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Spreading i nteroperability in eProcurement processes across Europe . Open Seminar Brussels December 6, 2012. Welcome and introduction. Stuart Feder , CEN WS/BII2 Chair .
December 6, 2012
Stuart Feder, CEN WS/BII2 Chair
Thanks so very much to everyone for coming to this open seminar concerning business interoperability interfaces for public procurement in Europe.
It is – for the moment at least - the final event of the European committee for standardization’s workshop on this theme. We are, of course, most likely to be familiar to you all as simply: CEN WS/BII2.
Let me also mention at the outset that we are most fortunate to have a number of distinguished speakers and panelists who have kindly agreed to join us today and we are most grateful for their participation. They will be providing important perspectives on the issues being taken up on today’s program: from the standpoints of the European commission, from the user community and also from the international standards community.
You will, of course, also be hearing a good deal from our team leaders about their work during phase 2 of BII and from our vice chairs about a proposed continuation of these efforts as phase 3.
Phase 2 started in May 2010 (32 months ago) and, as can often be the case, some of that time we had to go forward rather steadily and patiently step-by-step as we awaited funding processes to be completed.
Most importantly, in the end, we believe we have over the past many months done what we set out to do and have done it on a reasonably timely basis.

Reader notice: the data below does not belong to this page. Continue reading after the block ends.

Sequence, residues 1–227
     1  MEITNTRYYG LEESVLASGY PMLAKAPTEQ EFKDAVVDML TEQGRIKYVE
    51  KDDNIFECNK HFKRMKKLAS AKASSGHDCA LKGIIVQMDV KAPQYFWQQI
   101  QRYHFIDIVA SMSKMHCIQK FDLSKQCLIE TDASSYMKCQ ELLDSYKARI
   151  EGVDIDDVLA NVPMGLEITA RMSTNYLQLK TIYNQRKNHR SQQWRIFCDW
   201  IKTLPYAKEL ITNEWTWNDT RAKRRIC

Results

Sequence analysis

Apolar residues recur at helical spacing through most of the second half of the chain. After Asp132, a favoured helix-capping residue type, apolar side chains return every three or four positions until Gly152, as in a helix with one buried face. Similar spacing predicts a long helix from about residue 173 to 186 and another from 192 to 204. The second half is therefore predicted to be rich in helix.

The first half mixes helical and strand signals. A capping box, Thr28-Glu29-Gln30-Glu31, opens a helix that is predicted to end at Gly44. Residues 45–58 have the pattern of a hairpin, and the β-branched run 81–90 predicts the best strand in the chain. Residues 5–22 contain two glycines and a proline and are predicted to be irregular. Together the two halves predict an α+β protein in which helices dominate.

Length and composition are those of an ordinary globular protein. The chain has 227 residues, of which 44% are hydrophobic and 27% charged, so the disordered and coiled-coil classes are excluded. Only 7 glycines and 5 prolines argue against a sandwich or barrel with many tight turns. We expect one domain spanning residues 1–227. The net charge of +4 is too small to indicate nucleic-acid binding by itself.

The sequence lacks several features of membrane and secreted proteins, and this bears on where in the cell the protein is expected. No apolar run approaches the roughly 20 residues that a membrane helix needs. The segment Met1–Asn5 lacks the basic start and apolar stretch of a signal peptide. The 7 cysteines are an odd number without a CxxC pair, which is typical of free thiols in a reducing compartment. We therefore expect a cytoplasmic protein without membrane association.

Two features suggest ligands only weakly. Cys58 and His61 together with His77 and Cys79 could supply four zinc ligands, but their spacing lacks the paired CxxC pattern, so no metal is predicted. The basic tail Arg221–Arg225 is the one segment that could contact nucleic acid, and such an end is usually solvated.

These achievements are entirely due to the considerable competencies and effectiveness of the members of the BII2 team – working as a team – under the guidance of their project leaders and the vice chairs.
So as chair, let me take this opportunity to offer my congratulations for their efforts and I would ask you all to please join me in a round of applause for the “BII2 team”.
Gaining consensus on common approaches for regional developments is a considerable challenge in its own right – no matter what the theme – and it is something essential in the European context in terms of fostering the concept of a single market.
The tasks have been performed in a way that should make it easy to be contributed to efforts in an international context - so that requirements and solutions can evolve to benefit those with these requirements around the world (making it also easier to interface with European requirements).
Moreover, it also enables input to be brought back to Europe from the global standards community, which may then be given consideration in due course for Europe.
One thing one learns in standards work is that requirements are always changing (sometimes a little and sometimes a lot, for example, within a country or a region or a business domain) and that the way to achieve solutions is also ever-changing. But one thing that is likely to be increasingly stable is the set of re-usable core semantics and re-usable core models.
Moreover, capturing these changes and alternative developments – most likely in terms of implementation guidelines and self-conformance statements, in a central place (or registry) may be a good way to foster greater transparency about how things are evolving and how they might serve as alternative approaches on the road to possibly greater efficiency in meeting stakeholder requirements.
We’ll come back to this theme a bit later in the day.
So for now, let me thank you again for joining us and let me turn over the floor to vice chair Jostein Frømyr who will be taking things forward until later this afternoon.